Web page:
Chris Knipp Writing: Movies, Politics, Art

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PostPosted: Fri Sep 30, 2005 2:13 pm 
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Park Chan-wook: Lady Vengeance/Chin-jeol-han-geun-ja-ssi (Souith Korea 2005) 112 minutes. Tartan Films release. New York Film Festival at Lincoln Center, September 30 2005.

The dish has been served up too often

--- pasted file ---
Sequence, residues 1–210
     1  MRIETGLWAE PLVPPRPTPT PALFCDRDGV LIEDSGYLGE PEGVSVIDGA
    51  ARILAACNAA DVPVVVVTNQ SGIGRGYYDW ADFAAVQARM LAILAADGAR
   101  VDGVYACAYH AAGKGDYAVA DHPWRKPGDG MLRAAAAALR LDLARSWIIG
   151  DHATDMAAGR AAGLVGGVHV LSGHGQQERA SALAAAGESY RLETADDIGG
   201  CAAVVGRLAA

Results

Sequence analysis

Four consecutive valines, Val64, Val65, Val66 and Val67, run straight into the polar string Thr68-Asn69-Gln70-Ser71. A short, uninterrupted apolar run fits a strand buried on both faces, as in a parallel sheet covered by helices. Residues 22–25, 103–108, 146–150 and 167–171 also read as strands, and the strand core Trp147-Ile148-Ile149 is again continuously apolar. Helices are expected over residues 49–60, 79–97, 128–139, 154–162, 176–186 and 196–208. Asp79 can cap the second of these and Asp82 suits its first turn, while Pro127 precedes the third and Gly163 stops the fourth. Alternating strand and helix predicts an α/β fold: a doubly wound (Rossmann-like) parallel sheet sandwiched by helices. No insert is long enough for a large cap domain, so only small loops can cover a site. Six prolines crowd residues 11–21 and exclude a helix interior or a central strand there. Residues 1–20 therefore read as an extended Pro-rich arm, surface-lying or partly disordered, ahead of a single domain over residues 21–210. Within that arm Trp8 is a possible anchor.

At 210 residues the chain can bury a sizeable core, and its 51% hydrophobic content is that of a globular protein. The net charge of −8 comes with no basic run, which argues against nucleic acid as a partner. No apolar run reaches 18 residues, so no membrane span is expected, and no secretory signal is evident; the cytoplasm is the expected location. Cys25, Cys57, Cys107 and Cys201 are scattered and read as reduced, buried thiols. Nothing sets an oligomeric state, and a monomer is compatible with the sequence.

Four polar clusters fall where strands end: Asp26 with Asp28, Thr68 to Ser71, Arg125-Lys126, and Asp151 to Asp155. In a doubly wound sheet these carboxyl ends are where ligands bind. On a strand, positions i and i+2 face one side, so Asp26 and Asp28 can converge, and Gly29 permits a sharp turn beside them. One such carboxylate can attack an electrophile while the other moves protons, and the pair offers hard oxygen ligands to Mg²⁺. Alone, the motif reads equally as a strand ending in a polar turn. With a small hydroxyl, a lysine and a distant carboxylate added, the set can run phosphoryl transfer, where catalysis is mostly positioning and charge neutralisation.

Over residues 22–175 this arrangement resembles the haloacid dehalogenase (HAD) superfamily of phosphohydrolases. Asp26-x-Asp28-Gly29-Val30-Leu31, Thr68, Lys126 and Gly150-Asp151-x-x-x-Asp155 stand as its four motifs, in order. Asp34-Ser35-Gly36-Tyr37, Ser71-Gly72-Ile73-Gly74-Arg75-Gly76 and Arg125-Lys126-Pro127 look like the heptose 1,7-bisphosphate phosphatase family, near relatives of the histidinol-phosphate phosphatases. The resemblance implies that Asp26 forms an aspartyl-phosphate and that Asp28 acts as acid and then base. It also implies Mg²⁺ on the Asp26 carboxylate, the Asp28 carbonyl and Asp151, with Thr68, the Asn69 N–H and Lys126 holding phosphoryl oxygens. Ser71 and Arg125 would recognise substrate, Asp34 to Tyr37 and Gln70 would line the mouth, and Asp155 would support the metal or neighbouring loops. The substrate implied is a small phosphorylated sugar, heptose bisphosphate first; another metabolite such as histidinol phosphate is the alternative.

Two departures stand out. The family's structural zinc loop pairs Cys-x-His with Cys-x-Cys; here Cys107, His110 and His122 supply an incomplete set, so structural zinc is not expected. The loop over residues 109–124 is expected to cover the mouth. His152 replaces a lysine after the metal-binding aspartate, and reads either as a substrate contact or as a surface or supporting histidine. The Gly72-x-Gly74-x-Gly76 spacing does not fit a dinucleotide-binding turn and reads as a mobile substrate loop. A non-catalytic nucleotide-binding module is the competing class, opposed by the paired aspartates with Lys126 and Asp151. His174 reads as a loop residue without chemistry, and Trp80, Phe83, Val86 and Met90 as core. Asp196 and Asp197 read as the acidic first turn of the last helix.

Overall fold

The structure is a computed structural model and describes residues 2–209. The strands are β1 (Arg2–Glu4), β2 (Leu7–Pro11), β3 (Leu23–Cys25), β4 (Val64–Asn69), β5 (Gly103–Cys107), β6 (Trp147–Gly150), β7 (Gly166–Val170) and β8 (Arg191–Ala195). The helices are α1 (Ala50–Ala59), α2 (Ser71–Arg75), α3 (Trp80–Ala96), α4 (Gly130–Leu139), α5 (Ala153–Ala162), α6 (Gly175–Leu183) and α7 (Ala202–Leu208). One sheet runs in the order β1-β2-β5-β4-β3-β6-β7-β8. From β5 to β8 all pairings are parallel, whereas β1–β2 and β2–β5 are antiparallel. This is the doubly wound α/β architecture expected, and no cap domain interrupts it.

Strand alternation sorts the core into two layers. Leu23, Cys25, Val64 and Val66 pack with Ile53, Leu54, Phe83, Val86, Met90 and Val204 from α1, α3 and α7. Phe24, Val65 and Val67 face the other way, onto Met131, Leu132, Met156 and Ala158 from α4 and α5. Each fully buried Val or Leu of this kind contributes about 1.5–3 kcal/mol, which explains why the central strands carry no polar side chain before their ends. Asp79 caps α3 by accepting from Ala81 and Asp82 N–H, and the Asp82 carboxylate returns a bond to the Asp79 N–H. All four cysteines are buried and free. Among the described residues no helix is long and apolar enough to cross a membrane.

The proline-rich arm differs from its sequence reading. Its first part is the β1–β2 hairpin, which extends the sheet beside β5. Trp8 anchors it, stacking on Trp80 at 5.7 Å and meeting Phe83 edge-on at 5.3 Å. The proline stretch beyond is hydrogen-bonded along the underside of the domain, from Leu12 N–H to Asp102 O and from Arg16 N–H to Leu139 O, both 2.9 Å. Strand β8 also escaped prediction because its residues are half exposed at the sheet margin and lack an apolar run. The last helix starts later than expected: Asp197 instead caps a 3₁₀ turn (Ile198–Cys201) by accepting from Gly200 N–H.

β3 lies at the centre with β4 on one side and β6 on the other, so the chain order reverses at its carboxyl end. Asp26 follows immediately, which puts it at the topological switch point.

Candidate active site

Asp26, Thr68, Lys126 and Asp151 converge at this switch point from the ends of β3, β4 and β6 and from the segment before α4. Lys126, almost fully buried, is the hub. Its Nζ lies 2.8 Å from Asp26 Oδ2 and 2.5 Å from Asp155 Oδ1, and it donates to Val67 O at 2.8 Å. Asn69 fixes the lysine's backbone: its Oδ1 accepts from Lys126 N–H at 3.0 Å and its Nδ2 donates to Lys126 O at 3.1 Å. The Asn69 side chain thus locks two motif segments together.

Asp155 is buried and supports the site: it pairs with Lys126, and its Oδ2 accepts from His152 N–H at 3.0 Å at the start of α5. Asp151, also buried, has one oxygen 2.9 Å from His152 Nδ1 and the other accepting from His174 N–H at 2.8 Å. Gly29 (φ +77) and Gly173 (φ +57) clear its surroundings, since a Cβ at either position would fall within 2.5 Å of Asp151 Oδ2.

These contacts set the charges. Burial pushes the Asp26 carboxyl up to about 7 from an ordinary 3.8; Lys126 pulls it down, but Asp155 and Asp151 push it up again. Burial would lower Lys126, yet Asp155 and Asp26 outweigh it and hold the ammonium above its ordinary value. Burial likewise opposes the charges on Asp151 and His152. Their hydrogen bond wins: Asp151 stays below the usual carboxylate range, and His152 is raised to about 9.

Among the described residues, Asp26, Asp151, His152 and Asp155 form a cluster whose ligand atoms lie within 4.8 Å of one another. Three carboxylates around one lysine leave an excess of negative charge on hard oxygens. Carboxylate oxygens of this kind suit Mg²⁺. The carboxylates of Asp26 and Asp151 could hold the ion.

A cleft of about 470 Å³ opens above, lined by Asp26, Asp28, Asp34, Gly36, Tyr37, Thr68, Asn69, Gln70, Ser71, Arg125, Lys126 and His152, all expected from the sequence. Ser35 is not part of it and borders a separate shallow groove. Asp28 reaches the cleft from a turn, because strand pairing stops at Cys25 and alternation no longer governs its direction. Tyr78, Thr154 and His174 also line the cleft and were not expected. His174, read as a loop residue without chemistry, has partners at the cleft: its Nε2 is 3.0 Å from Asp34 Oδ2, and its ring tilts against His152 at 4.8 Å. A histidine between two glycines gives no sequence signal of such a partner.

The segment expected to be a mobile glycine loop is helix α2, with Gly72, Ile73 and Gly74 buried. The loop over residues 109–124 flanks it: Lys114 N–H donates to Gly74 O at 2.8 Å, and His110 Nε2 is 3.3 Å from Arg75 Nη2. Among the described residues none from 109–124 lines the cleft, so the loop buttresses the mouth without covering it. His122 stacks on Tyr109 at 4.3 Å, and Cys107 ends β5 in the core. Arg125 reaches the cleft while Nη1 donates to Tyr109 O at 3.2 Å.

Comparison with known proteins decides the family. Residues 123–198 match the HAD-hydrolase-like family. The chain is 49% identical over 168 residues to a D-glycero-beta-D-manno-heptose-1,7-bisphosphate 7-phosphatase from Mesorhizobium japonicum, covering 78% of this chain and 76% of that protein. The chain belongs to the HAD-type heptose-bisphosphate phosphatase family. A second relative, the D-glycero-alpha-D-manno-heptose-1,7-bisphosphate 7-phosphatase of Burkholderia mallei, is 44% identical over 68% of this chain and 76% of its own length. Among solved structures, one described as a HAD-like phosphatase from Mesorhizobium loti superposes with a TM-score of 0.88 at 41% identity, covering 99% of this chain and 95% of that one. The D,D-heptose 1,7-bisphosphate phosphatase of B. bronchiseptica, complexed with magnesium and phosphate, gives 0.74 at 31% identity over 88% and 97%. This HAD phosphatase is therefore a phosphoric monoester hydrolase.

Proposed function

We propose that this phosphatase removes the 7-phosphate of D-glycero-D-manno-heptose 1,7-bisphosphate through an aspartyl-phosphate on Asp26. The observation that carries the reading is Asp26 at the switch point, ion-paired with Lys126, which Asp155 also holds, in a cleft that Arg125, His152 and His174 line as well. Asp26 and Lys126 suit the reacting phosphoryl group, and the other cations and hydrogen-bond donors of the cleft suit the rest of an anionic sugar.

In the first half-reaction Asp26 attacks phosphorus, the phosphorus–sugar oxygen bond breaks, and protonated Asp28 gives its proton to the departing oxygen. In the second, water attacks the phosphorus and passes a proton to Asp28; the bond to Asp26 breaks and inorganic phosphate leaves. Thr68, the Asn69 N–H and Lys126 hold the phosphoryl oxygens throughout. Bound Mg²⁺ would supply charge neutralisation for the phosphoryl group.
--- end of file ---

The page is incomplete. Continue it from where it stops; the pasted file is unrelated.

It began with Sympathy for Mr. Vengeance. Park then got hold of the story of Oldboy, another revenge fantasy, and decided to shoot it -- with acclaim at Cannes as a result. Then, as if on a dare, he made a third revenge movie -- about a woman jailed for thirteen years for a kidnapping. She was only the accomplice of a schoolteacher, Mr. Baek (Oldboy's Choi Min-skik) and he's gone free, so... An important twist comes when the freed prisoner Geun-ja (Lee Yeong-ae) finds out Baek has other crimes, and she consequently ends up turning over revenge to the group of bereaved parents. Lady Vengeance, which isn't quite as gruesome as its two predecessors despite the bloody group killing at the end, has sparse, elegant titles and a baroque-sounding string score that suggests Peter Greenaway. Park's technique is dazzling and his jaw-dropping storytelling method involving endless successions of shots, scene changes, and angles is so intricate that if you blink you may miss a major plot development. This kind of filmmaking is like those Korean restaurants where they set down twenty plates of food on the table in front of you all at once. By revenge movie number three, it's beginning to look as though the dish best eaten cold may have been served up once too often. But Park is an intelligent guy and he has things to say; his films aren't just special effects frenzies. Talking to the press at the NYFF Park suggested that he's critiquing the contrast between The Count of Monte Cristo, where the revenge perpetrator gets wealth, happiness, and the girl of his dreams, and Asian martial arts revenge movies where things generally end badly. Lady Vengeance gets a bit of both, but she does bake a cake to celebrate at the end. The actress Lee Yeung-ae was previously famous for a TV series about a poor girl who becomes cook in the royal palace. People differ on whether this Korean director is a genius or a menace, but if he continues his genre-busting streak he's only going to get more and more famous.

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